“But the most compelling thing about him is his dedication to the note. You’ll never see him play a note that he doesn’t really mean! His commitment to his choice of melody is really captivating. It makes you think that he could play anything and you would be gripped. He plays with such unmistakable and unquestionable conviction!”

Harmonic Liberty

“He strikes that balance between maintaining the original content and stretching it harmonically in such a way that is just enough to keep you engaged without pushing you away. It’s just the right amount of harmonic liberty. It’s also his use of countermelodies within his progressions. It’s the way he’ll fix a chord an use moving notes to utilize the new harmony. It’s not just block chords, there’s always melodic content in reharmonization that keeps the listener engaged.”

“if it moves you then it will probably move someone else too!”

“Being a master piano soloist is basically about being in touch with your emotions. And he is so in touch with what he wants to play. It’s about being a good communicator and what you feel has to be real. You can’t just play with feeling because you’ve been told to do so. It has to come from a genuine place. And ultimately I find that it’s a place of love. As Quincy Jones likes to say, “if it moves you then it will probably move someone else too!”. The goal is to find the thing that moves you and then to put that on record. I think Keith Jarrett is a master of articulating what has moved him.”



“When I started playing the piano at aged sixteen, Keith was my first real musical revelation. At the time I knew nothing at all and at the end of my first lesson my teacher gave me a VHS tape with a label on it written in English: “Here we can listen to God Himself playing the piano”. Let’s just say that I was inspired from the very beginning! It featured his one hundredth solo concert, in Japan, and it seemed like he just played classic after classic. His level of commitment, his intent, his emotions, harmonic complexities, rhythms–everything combined to give me the slap of a lifetime. It was sublime perfection on every level. I wanted to dissect it, to understand how it worked. For me, Keith became a beacon of light in the darkness.”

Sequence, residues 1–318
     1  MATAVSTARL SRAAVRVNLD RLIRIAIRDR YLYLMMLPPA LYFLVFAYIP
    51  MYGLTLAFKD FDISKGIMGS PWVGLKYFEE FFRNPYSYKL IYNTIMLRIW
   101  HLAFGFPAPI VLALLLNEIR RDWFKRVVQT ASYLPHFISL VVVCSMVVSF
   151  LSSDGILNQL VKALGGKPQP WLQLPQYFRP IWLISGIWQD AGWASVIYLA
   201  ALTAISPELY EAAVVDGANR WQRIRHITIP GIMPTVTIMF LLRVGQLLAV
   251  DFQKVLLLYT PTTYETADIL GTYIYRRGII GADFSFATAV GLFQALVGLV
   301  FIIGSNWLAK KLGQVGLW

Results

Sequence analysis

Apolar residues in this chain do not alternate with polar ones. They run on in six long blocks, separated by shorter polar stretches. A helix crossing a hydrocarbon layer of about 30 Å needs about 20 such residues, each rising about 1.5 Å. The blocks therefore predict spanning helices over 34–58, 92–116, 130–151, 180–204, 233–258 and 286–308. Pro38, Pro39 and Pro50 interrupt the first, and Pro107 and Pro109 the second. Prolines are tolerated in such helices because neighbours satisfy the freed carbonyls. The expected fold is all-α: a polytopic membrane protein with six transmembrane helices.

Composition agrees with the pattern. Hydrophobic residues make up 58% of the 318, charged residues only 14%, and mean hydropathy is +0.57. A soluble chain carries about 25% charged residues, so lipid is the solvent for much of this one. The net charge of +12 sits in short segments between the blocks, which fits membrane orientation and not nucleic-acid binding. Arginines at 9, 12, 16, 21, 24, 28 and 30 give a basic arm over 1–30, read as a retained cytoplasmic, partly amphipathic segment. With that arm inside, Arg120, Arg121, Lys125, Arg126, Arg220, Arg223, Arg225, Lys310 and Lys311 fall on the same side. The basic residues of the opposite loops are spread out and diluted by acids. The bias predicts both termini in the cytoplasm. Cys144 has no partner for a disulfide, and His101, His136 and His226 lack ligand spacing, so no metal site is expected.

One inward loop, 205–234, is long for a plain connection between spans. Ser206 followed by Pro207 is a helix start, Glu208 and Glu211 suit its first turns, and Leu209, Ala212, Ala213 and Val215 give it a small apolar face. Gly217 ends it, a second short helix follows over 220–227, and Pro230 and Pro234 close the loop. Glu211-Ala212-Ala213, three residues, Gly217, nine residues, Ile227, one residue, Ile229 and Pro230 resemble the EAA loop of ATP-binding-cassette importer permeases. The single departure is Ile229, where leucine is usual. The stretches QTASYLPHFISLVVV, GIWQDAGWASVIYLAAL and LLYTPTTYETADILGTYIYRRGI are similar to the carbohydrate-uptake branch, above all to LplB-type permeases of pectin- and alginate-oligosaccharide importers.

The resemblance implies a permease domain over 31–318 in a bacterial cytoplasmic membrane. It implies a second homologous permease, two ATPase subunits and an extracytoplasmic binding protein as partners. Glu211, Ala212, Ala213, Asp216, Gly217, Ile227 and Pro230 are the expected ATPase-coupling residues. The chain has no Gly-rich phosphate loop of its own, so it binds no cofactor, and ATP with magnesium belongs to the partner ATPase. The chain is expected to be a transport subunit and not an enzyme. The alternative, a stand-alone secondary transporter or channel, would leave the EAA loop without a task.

Improvisation as a matrix

“We can see the evolution of the piano in Keith Jarrett: the bop, free jazz, the influence of Americana and the European scene. He synthesises different approaches to jazz but you can always see the link to the source. He engages with European classical music like no other jazz pianist, He has the ability to take improvisation and to use it as a matrix which incorporates other disciplines. Improvisation, in both free jazz and bop, exists within structures. But for Keith, improvisation becomes the structure, encasing all things good.”

“That is no small feat! Especially when you realise that the Köln Concert is the best selling instrumental album of all time and it is totally improvised!”

He remains untouchable

“Keith’s musical culture is incomparable! I don’t know any pianist who has recorded Bach, Haydn, Mozart, Handel, who has written for string quartets, for concertos, who did a double improvisational album for the clavichord (for me his best), who plays the flute, the sax, the guitar, who sings … The musical spectrum of this man is simply terrifying! You have to be an early riser to develop a skill set like this. For now, he remains untouchable.”

A matter of life and death

“His total and spiritual engagement with music makes him a master soloist. He plays like it’s the last time he’ll ever play. It’s a matter of life and death for Keith and that is reflected in the music. We behave differently if we are in the moment, right in the volatility and impermanence of the present moment. Things resonate differently. When he plays a chord that sounds incredible–in reality it is rarely complicated. His sublime feel for the notes, however, is what is special. He is not imposing himself on music. That is the difference, he lets the music flow through him.”



Keith Jarrett, La Fenice (ECM)

Watch Keith Jarrett trio – Live at Estival Jazz on Qwest TV.

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Centre national du cinéma et de l'image animée | With the support of the Creative Europe programme of the European Union With the support of the Creative Europe programme of the European Union